Traditional Thai Massage
Thai massage is a system of manipulation developed in Thailand, and influenced primarily by the traditional medicine systems of India, including yoga, and Ayurveda. It may have been influenced by other countries such as China and other SouthEast Asian cultures.
Thai massage is said to have developed by the personal physician to Buddha. He is known as the Father/Doctor. If this is true it means Thai Massage is over 2500 years old. By any standards it is a very ancient style of massage.
One day I was practicing at Wat Po, one of the most prestigious Thai Massage schools in Thailand. A Western man came in to get a massage. He told me that he had been all over India searching for high level bodywork, and said that he could find nothing that compared to what was being practiced here in Thailand.
I like to think that Traditional Thai Massage, named Nuat Ben Bo Ran, or Nuat Thai, is a fairly accurate snapshot of ancient India, that has been passed down for many generations. It remains one of the most effective forms of body therapy available anywhere.
The Practice of Thai Massage
The person receiving the massage typically lies on a platform bed with a thin mattress. The massage is performed through loose clothes, which actually takes more skill. Frequently a massage clinic has a bunch of these platform beds lined up together, separated only by a cloth barrier that can be pulled to create a false sense of privacy. You can still hear all the other people coming and going and getting treatment, yet the experience remains extraordinarily relaxing and personal.
The Classic form of Thai Massage entails positioning the recipient in various positions. One can expect to be face up, on their back, lying on their stomach, sides, and sitting. Each of these positions may be considered as a “form” in itself, as the therapist spends a considerable time in each position. Each position offers a different variation of treatment and can be useful or advantageous in certain situations.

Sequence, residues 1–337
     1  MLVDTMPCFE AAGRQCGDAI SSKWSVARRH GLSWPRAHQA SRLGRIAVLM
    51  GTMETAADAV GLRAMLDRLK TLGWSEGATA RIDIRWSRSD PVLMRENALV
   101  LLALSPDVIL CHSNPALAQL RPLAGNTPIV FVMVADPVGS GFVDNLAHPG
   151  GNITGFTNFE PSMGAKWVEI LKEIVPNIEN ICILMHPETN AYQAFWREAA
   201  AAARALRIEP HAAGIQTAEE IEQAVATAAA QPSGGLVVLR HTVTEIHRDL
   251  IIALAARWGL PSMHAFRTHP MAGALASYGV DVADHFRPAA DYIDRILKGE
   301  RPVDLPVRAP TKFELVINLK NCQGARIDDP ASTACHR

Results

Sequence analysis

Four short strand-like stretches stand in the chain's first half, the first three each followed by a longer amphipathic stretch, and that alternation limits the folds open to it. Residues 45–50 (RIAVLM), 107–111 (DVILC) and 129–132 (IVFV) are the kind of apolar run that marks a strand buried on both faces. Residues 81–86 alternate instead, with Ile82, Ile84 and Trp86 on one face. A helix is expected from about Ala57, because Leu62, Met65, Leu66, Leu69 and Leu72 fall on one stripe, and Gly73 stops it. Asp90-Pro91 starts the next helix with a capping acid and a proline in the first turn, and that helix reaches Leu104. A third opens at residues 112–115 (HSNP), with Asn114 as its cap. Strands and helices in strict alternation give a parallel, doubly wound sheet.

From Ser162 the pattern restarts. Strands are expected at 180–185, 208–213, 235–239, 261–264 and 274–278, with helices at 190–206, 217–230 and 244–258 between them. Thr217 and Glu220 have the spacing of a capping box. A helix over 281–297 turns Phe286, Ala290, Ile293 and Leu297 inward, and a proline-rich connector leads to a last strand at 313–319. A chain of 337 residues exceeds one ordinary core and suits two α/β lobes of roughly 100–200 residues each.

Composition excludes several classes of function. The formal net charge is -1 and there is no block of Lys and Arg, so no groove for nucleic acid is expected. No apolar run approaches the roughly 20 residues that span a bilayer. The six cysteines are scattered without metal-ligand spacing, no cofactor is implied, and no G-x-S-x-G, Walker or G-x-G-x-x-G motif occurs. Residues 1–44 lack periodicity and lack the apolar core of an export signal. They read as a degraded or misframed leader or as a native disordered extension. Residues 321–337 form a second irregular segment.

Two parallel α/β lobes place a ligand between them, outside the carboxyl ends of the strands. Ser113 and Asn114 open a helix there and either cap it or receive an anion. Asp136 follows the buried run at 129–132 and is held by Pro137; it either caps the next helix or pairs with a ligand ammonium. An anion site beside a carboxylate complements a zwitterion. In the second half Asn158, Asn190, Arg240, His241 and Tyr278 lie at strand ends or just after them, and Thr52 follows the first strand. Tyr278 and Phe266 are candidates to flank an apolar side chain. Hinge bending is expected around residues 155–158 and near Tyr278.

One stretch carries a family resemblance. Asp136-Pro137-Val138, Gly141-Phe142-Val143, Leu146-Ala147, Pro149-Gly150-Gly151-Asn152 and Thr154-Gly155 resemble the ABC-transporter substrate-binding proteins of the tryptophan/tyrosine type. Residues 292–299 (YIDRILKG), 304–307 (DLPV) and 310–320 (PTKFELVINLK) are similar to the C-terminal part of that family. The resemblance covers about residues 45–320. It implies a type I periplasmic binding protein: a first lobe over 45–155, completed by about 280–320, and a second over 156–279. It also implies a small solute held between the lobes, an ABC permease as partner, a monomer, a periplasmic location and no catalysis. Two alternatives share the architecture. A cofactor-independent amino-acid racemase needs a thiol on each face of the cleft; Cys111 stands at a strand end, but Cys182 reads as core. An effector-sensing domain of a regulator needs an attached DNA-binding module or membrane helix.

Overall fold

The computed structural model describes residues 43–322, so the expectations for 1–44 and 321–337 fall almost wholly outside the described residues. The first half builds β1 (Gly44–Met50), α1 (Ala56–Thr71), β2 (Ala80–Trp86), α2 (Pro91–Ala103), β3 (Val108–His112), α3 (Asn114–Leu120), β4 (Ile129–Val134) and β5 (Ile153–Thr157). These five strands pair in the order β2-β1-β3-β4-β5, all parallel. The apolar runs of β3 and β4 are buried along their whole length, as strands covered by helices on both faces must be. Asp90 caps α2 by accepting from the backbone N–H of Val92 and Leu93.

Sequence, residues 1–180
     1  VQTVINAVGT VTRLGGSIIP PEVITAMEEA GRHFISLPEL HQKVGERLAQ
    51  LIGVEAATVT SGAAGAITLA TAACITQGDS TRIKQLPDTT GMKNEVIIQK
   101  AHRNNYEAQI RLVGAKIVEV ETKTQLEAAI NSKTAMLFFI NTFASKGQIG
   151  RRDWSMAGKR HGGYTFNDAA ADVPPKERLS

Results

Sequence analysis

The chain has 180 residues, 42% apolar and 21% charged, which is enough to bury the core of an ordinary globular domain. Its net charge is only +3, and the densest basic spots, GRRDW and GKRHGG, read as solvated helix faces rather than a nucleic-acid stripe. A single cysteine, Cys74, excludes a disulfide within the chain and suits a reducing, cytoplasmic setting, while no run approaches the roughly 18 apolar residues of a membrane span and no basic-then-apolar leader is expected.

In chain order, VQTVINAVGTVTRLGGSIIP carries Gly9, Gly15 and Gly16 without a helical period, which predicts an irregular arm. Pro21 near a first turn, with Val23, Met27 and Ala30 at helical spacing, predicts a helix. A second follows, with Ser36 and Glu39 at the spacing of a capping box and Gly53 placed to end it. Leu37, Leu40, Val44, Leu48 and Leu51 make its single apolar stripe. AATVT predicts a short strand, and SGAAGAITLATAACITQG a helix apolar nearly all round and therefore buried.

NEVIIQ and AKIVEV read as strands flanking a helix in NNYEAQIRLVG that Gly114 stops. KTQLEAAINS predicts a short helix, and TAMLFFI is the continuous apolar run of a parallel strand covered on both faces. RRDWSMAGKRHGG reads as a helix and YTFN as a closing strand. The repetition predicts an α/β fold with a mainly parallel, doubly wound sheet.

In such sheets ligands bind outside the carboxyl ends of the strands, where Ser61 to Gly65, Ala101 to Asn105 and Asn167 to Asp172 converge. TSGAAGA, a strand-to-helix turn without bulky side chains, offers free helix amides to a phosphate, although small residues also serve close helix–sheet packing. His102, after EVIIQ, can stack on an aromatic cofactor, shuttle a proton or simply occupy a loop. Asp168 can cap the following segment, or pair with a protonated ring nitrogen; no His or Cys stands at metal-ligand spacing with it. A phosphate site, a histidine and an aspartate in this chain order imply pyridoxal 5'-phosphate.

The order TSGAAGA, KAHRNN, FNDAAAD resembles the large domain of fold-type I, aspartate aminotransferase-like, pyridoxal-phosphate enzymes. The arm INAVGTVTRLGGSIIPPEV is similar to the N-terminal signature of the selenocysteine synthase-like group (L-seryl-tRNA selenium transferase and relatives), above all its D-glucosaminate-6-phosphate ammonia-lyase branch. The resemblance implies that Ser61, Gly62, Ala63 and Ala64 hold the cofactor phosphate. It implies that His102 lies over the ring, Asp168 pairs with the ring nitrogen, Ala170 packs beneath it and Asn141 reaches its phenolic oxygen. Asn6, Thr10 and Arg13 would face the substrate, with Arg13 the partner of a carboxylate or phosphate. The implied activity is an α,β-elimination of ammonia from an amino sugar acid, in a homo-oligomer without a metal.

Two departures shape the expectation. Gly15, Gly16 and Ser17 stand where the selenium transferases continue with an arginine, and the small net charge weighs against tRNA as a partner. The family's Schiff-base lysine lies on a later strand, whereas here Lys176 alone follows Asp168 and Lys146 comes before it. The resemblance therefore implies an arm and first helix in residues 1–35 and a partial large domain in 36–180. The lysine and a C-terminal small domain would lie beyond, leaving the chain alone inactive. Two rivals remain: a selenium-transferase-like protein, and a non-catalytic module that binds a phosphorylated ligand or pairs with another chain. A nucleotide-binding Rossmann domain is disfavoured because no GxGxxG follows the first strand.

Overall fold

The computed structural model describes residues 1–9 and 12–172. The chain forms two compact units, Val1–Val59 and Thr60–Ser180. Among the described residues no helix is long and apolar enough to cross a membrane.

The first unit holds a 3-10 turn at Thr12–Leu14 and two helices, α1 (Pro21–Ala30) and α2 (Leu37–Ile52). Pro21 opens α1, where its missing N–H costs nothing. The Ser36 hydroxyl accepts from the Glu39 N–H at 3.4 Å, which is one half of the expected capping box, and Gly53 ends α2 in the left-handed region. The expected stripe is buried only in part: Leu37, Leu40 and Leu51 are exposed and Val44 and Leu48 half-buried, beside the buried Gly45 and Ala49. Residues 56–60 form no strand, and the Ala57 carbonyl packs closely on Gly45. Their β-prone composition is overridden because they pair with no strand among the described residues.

For example if one is pregnant and can’t lay on their stomach, a complete treatment can be performed on the sides. If someone hurts themselves hiking in the mountains, the therapist can use the sitting form. To complete the entire form takes at least 2/ 1/2 hours so another reason to confine treatment to one or more “forms” is time.
The Thai Massage therapist uses compression, acupressure and puts the client in yoga positions. The compression and acupressure is performed in a rhythmic cadence being throughout the session. This lulls the body/mind into deep states of relaxation.
Thai massage is so effective because one gets a remarkably comprehensive treatment. A lot of time is spent on the acupuncture meridians (called Sen in Thai) of the legs, arms, back and stomach. With the attention to the hands, feet, head, and stomach, the patient gets a fairly decent reflexology treatment.
For stubborn problems or to generally improve the health, herbs, wrapped in a bolus and heated in a rice cooker, are applied to the skin, or even through the clothes.
Healing Vs a Great Massage
In Thailand, just as everywhere else, there is a vast distinction between those who can perform a great massage, and those who can heal acute and chronic problems with bodywork. To heal, one must be adept at pulling out specialized tools from their tool bag of techniques and use them to fix a problem. This skill comes through experience: being in the trenches with pain patients and learning how to solve their conditions.
Many Thai therapists specialize in internal organ massage, tendon and ligament rolling, manipulating the flow of blood in the arteries, and manipulating the joints, much like a chiropractor. Some Thai Massage healers will even perform esoteric, shamanic like practices.